BY MARY WICOFF firstname.lastname@example.org
---- — Robert C. Courson Jr. has a folksy way of warning people that life is brief: “You may tie your shoes this morning, but the undertaker could untie them tonight.”
In other words, he said, “We have no promise for tomorrow. We’re all in the same boat, so get your relationship right with the Lord.”
Courson of Bedford, Ind., and formerly of Danville, expands on that warning in his first book, “The Terminal Generation.” Its basic message is: The world as we know it is about to change forever; be prepared.
Courson, senior pastor at First Church of God in Mitchell, Ind., uses empirical, scientific and biblical analysis of current world events throughout the 222-page paperback. He does a verse-by-verse analysis of Revelation, and compares them to modern events.
The “terminal generation” refers to anyone 65 and under — the Baby Boomers, hippies, yuppies, Generation X, and the Millennials. These people, he said, will be alive when “humanity’s greatest cataclysmic event sounds in our life time.”
“We’re the generation that needs to be prepared to meet Jesus Christ,” he said in a telephone interview from his home.
Jesus Christ is coming soon — suddenly and silently — to “rapture” his church; the anti-Christ will ascend to dominate world power and the wrath of God will be unleashed upon sinful man during the tribulation period, he said.
“This book is an instruction manual covering the things to come in our life time and also a survival manual of protection and preparation,” he said. “Be prepared and don’t be left behind.”
Courson said that, prior to the Rapture when the righteous and innocents are taken away, certain things will happen, and we’re seeing those now: a falling away from religion, as people become consumed by the busyness of the world; wars, famine and pestilence; an indifference to the plight of the poor, helpless and homeless; and cosmic disturbances, such as lunar and solar eclipses this year and next.
“America as we know it is going to change,” he said, predicting the economy will collapse this year or next.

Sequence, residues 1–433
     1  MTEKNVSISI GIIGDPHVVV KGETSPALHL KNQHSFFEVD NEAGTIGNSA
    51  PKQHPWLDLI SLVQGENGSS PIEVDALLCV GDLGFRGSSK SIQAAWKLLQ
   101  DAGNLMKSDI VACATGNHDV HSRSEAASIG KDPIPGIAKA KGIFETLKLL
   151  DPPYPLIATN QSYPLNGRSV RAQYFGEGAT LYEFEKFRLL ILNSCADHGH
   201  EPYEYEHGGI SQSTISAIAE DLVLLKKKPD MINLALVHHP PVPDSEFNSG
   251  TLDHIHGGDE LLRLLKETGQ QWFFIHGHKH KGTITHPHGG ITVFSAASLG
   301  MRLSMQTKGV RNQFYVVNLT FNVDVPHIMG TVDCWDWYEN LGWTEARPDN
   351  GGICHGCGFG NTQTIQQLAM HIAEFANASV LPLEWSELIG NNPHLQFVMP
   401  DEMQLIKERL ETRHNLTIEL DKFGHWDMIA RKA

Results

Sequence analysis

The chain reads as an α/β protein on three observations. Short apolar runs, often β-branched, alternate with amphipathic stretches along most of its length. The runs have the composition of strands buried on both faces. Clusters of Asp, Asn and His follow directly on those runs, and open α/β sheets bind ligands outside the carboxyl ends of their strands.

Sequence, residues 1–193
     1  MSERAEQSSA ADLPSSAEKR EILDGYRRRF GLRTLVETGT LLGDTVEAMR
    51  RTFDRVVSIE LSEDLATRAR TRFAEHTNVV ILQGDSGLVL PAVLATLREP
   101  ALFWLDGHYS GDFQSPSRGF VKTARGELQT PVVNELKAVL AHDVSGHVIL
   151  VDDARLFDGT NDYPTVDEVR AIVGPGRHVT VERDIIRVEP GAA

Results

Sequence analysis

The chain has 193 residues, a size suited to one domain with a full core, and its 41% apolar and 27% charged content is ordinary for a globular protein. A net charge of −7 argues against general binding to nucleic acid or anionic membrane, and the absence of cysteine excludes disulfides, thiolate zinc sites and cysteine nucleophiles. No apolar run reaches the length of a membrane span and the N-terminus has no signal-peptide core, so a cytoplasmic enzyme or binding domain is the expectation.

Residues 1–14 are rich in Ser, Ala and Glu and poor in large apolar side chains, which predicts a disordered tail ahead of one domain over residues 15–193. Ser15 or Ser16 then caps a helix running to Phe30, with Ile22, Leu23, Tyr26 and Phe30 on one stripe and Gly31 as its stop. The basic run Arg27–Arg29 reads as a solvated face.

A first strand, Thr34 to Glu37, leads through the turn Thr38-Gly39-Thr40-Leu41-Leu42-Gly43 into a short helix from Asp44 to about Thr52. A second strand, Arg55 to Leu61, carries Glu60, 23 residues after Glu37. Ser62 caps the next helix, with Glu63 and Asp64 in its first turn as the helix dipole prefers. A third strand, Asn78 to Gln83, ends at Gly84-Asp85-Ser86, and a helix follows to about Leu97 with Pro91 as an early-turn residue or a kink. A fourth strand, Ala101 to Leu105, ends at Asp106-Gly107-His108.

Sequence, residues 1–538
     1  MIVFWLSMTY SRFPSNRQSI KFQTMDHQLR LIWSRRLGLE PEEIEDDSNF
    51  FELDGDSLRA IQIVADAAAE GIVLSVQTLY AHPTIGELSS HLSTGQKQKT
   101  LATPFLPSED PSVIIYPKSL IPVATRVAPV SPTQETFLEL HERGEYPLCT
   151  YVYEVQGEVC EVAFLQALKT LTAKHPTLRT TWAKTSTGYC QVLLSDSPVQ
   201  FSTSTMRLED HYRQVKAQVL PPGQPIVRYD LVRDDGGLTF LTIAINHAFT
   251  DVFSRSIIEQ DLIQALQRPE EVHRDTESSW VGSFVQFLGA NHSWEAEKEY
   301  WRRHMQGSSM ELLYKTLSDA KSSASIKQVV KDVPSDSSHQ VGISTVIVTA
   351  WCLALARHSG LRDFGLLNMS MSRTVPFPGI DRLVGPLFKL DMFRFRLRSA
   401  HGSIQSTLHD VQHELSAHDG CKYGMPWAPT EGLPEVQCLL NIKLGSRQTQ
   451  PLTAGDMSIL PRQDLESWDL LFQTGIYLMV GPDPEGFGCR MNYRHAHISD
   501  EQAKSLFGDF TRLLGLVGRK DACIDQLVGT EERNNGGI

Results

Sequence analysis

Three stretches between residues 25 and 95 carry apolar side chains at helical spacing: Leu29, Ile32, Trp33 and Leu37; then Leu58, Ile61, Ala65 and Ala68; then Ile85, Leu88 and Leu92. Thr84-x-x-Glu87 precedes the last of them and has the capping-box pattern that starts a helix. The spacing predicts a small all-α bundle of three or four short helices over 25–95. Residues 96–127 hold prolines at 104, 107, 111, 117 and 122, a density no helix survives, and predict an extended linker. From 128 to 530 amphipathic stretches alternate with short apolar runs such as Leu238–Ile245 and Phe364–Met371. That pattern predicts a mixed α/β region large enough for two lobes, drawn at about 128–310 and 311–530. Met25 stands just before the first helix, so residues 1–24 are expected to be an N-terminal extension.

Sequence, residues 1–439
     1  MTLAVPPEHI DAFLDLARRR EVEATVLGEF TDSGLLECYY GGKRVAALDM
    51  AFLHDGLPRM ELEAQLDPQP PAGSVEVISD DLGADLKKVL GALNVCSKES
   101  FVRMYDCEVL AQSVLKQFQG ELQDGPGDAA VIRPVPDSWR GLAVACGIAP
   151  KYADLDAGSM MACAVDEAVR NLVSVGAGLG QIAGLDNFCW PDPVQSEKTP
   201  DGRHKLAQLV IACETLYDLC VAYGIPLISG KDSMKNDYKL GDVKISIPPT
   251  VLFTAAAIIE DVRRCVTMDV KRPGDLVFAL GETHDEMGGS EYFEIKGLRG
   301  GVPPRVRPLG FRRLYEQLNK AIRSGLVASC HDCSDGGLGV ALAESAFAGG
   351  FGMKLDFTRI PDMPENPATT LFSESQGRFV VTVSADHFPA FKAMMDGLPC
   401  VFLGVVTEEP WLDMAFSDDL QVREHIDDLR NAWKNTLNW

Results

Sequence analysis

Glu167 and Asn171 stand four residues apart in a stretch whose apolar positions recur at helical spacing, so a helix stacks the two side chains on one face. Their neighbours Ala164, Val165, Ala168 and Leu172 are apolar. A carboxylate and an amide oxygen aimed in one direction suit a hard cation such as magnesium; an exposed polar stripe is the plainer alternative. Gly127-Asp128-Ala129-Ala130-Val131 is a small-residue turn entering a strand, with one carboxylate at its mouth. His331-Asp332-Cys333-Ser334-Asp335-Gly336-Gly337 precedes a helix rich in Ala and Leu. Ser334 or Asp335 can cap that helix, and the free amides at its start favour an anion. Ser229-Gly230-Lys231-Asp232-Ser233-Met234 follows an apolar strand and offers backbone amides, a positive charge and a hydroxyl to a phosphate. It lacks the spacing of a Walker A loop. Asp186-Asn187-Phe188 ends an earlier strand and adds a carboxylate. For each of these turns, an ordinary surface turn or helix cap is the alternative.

“We’re not going to see the end of the world,” he said. But this generation will see the Rapture, which is the trigger point for end-time events.
People can avoid the tribulation period by committing to Jesus Christ, he said. “Faith will carry you to glory. Don’t put your head in the sand,” he said.
Courson said he tried to write the book in a way that people can understand. It’s arranged like a Bible study, with each chapter standing alone. Also, it’s nondenominational, he said, adding, “The word of God should be the word of God for all of us.”
Courson, the son of Robert and Wilma Courson Sr. of Danville, said his father has read the book.
The elder Courson said, “It’s not something you sit down and read through like a novel. It’s thought-provoking.”
The book will appeal to those who believe the Bible is the inspired word of God, he said. And those who don’t believe will have questions, such as: What if it’s true?
Courson Sr., speaking as an avid reader and not as a father, said, “I thought it was extremely well-written and simple to understand.”
Giving in to his paternal pride, he added, “I’m so proud of the way it’s written.”
Courson wanted to begin the book four years ago, but was interrupted by cancer. In 2010, he was hospitalized for eight days at the VA in Indianapolis and then spent six months in cancer chemo treatments for lymphoma. During that time he was accepted at Andersonville Theological Seminary in Camilla, Ga., and completed his master’s and doctor of theology degrees.
“It was truly an answer to prayer to keep me focused and moving forward while undergoing treatments,” he said.
He added, “God allowed this for me to share the gospel good news with other vets undergoing treatment that did not have the hope of Christ in their lives. It is good to suffer well for the cause of Christ.”
Last October, he began working on his book in earnest and it was sent to AuthorHouse in February.
His next book is titled “Angels, Apes and Anthropology.”
Courson graduated from Catlin High School in 1972, and earned an associate degree in liberal studies at what is now Danville Area Community College and a bachelor’s from Eastern Illinois University.
He served in intelligence with the United States Marine Corps, and was discharged as a sergeant. After that, he worked with General Motors in Tilton until 1995, when he transferred to the Bedford plant. In 2000, he “sensed the call of God,” and attended Bible college.
He holds a bachelor’s of ministry in Bible and evangelism from Crossroads Bible College in Indianapolis, in addition to his degrees from Andersonville.
He founded the Last Call Crusade, serving as a nondenominational evangelist proclaiming the gospel to impoverished neighborhoods, and conducting church and tent revivals.
Courson and his wife, Linda, have four grown children and six grandchildren.
FYI "The Terminal Generation" by R.C. Courson Jr. is available in both paperback and e-book through amazon, Barnes & Noble and AuthorHouse. Courson would welcome any comments on the book. Call him at (812) 797-7376 or email email@example.com.